Are You Going to Buy ALL of That? Maybe, Not
If you decided to put off purchasing a new computer to compliment your phone upgrade, you are not alone.
According to figures released by the Commerce Department, consumer spending in September rose just 0.2 percent after a 0.7 percent increase in August. Additionally, incomes dropped for the first time in almost a two year period.
The low spending numbers match consumer expectations of a stagnant economy. If you're not sure what tomorrow may bring, you'll hold off on some of your purchases. According to Bloomberg News, this outlook will hurt sales retailers like Best Buy and Target.
The roller coaster stock market, lack of job growth, and little to not growth in wages has shaken confidence that the recovery that began in 2009 might not continue. President Obama and the Federal Reserve have taken steps to prevent another recession.
The Fed has plans to replace some notes in their portfolio with longer-term Treasuries to further reduce borrowing costs.
Earlier, President Obama announced a $447 billion job creation plan and then began promoting it aggressively throughout the country, urging voters to demand actions from their Congressional representatives. In Denver on Sept. 27, the president reminded the nation that jobs and economic growth "comes down to choices and it comes down to priorities".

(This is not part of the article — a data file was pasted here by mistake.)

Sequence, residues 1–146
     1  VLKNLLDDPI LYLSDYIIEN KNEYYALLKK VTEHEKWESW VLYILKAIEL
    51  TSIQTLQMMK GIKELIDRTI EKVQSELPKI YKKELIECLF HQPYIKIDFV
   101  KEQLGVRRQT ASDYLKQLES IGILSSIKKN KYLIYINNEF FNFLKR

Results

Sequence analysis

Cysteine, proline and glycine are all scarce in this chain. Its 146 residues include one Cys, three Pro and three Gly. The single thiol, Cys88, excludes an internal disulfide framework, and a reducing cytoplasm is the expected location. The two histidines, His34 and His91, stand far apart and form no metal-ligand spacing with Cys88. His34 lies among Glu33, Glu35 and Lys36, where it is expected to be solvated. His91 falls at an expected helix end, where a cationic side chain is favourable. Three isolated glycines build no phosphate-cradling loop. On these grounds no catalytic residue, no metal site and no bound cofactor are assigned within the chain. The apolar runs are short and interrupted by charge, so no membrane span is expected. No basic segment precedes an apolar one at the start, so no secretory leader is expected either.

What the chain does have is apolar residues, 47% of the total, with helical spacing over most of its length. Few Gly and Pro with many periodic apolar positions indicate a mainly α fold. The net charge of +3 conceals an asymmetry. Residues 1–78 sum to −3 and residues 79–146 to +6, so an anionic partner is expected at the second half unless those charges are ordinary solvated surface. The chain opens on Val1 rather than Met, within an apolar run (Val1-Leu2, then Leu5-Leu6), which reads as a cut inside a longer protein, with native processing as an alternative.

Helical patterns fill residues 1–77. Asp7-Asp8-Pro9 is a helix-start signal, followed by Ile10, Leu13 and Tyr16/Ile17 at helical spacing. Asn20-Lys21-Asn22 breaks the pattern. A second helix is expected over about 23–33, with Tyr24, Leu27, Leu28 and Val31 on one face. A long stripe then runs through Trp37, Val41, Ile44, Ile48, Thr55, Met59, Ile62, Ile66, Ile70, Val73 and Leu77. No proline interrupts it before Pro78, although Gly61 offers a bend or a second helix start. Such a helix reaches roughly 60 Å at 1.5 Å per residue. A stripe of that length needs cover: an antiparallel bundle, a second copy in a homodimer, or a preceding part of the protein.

A sentiment echoed by retailers.
“The consumer is making very measured choices,” Bloomberg quoted Best Buy Chief Executive Officer Brian Dunn from Sept. 13 a telephone interview after the company reported a 30 percent decline in second-quarter profit . “I don’t think it’s a year where someone is going to buy a TV and a tablet and a new smartphone and go to Disneyland.”
Still, the Thomson Reuters/University of Michigan final index of consumer sentiment rose to 59.4 from an an almost three year low in August. And, while there were no employment gains, unemployment managed to hold at 9.1 percent.
Though still hoping for action from their political leaders, consumers in the U.S. seem to have decided to focus on their own budgets. Thus, goods will still be purchased, maybe just not as many.